Tucked away behind the hypermarkets off the road west out of Budapest, the Budaörsi Halpiac is not what you might expect.

It is all things piscine rolled into one. There is a bistro serving the freshest fish you will find anywhere in Hungary, a small delicatessen selling seafood-related produce at a reasonable price, and then there is a fish-processing plant, the beating heart of a business that serves the whole country.

Péter Palotás greets me for a tour. Once a chef in Budapest, he is now the general manager of this venture. He is also a co-owner of the Big Fish restaurant in Andrássy út. I have always loved seafood. Maybe I’m strange,” he laughs.


Of course, there are logistical challenges to getting seafood into landlocked Hungary. “It takes one to two days for the food to get from the harbour to Budapest,” Palotás tells me. That’s if the fish is coming from the nearest coastline, in Croatia. But that’s rarely the case these days. Overfishing means the Adriatic Sea has little to offer.

Most seafood now comes from much further afield, with New Zealand a major supplier. It is flown into Frankfurt then driven to Budapest, everything carefully packed in crates with crushed ice.

I ask about sustainability, as almost half of all seafood made for the global market is now produced through aquaculture.

“Many of the products we buy are farmed, because the seas are emptying,” says Palotás. “Although Hungary and other Eastern European countries are not really ready to take notice of sustainability and ecological welfare, we make sure our seafood is sustainably sourced.


“We have more customers now who are worried about that, for example Jamie Oliver’s restaurant in Budapest.”

Salmon is the most popular fish, much of which comes from the Bergen or the Nordland region in Norway, taking two to three days to arrive here at its final destination.

The 400-square-metre processing plant is where the action happens. We don some hygienic clothing and delve into the fishy cove.

“We keep everything barcoded so that if there are problems with the product later down the line we can trace the source,” Palotás tells me. “There are high-tech machines for packing the fish, where after it is filleted and portioned it is sealed in air-tight packets. This is where de-boning and vacuum packing happens.”

The Budaörsi Halpiac is the market leader for seafood imports in Hungary, supplying such top restaurants as Nobu, Onyx and Costes. Fresh seafood arrives here six days a week, and the processing work starts at five in the morning, usually finishing by 8am.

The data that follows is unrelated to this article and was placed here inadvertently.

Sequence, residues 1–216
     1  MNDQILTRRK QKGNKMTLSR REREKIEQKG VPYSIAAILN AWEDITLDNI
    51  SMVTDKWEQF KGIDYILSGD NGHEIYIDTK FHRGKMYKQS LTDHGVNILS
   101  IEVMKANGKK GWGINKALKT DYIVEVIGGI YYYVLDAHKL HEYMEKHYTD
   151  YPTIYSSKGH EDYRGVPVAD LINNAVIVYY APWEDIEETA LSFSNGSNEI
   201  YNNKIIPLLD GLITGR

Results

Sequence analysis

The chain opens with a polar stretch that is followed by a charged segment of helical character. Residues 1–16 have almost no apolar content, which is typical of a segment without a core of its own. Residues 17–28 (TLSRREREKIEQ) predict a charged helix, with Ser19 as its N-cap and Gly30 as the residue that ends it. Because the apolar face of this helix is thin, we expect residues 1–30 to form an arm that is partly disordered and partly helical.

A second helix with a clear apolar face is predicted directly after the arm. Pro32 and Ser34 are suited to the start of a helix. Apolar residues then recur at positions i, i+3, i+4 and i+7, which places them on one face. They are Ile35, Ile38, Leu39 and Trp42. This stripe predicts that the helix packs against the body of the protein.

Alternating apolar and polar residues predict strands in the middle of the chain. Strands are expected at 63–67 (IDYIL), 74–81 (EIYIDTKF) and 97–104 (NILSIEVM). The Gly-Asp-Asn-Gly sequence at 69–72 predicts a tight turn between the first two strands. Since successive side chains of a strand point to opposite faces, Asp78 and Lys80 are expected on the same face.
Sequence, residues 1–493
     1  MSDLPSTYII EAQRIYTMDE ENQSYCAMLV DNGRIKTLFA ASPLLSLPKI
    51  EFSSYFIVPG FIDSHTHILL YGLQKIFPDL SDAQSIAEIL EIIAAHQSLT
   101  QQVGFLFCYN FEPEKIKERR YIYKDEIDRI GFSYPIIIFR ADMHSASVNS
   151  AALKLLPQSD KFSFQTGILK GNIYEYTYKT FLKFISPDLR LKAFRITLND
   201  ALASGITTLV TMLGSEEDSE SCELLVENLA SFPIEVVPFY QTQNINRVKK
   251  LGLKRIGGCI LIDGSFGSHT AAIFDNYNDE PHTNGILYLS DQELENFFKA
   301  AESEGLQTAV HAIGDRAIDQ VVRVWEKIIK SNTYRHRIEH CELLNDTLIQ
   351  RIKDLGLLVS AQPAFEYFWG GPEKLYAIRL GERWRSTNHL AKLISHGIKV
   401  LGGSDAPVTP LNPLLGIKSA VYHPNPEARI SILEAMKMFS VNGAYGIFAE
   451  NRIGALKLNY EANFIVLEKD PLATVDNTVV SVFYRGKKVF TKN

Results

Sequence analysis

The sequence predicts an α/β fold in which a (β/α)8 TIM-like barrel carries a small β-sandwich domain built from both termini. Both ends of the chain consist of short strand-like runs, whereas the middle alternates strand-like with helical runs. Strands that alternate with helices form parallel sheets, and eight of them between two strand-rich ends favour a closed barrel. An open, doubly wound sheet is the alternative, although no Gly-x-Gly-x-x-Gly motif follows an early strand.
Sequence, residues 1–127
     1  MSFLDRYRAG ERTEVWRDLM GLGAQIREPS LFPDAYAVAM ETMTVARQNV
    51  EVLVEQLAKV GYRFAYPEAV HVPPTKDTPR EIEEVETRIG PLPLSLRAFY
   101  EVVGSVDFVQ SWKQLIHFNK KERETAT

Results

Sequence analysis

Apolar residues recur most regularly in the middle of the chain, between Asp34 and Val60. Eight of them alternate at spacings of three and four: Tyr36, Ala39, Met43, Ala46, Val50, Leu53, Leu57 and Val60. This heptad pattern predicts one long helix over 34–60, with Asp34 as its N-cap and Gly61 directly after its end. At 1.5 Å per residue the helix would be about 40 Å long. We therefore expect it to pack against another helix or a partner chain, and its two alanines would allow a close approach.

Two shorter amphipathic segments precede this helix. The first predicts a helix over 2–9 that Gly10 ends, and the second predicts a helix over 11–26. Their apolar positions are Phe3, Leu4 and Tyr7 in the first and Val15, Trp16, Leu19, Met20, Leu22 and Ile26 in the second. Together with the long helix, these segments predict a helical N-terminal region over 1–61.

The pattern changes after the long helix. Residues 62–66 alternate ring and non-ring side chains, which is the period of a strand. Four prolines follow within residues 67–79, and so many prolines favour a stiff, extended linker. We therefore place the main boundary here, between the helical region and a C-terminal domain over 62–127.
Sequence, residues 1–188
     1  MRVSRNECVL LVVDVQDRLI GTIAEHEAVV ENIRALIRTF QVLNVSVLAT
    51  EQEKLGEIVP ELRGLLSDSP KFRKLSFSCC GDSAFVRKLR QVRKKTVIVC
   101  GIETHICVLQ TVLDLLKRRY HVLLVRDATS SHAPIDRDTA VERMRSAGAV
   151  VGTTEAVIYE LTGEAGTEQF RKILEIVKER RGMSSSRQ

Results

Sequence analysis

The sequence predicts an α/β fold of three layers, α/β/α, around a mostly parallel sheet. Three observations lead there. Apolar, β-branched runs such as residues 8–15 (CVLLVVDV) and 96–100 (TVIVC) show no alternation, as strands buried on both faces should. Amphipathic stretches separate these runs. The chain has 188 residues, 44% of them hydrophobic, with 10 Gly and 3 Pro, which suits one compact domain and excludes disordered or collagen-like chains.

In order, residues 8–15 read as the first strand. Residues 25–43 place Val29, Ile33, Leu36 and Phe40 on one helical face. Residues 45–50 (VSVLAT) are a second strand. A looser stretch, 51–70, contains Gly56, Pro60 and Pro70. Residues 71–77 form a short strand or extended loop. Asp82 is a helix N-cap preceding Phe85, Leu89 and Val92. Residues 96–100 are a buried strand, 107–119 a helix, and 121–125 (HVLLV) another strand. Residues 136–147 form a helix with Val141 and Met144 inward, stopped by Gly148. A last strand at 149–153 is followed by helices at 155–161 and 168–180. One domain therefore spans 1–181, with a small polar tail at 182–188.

They also sell their own product, under the “Selfish” brand name, to retailers such as Interspar. “Our trout won a global award in Paris for ‘most innovative product’. How ironic that a landlocked country wins this prize?” Palotás laughs.

“We have four food technologists working for us who help us figure out the best ways of food processing, and a special type of active water developed in Japan to sanitise and rid the product of bacteria before packaging it.”

On a common week, three tonnes of seafood pass through here. “Our strong point in the market is that we can look online at the catch and decide how much to buy,” says Palotás. “We get regular emails from distributors and constant updates from ports about what is selling at what price, and can negotiate on the price per kilo.”

He has seen the market grow exponentially since he started out as a chef in 1992. In the late 1990s he got involved with a Norwegian company expanding into Hungary. But spotting a gap in the market and wanting to go it alone, he had the idea to establish a fish-importing plant.

“The market for fresh seafood has grown a lot in this last year. Our sales have grown 25%.” Changing attitudes have driven the trend, as Hungarians turn away from more traditional earthy meaty fare to healthier options.

While eating seafood is still an up-and-coming trend in Hungary, the Budaörsi Halpiac even supplies smaller Hungarian cities such as Pécs, Szekszárd, Veszprém and Sopron.

As we close our interview, I sit down to sample a delicious lightly pan-fried salmon steak with salad at the bistro attached to the plant, a simple dining area with about ten metal tables, covered by a canopy.


After local people and workers took an interest in trying fish in the Halpiac, Palotás decided to do some small-scale seafood tasting to complement the wholesale business.

The result was the Dokk Büfé, now a seafood bistro open at lunchtime on weekdays. The trucks that occasionally pull up to unload seafood only add to the authentic atmosphere and are a testament to the freshness of the product.

The Dokk Büfé also offers better value than the restaurants uptown that serve the very same product. “People escape here from downtown for lunch. They see us unload the trucks and the fish is on ice. People can see it’s really fresh,” says Palotás.

Seafood fishing courses are currently offered in Hungarian and will shortly be available in English.

Please contact the Budaörsi Halpiac on (+36) 23 428-664. The Dokk Büfé is open 11am-3pm from Sunday till Thursday and 11am-6pm on Fridays and Saturdays.



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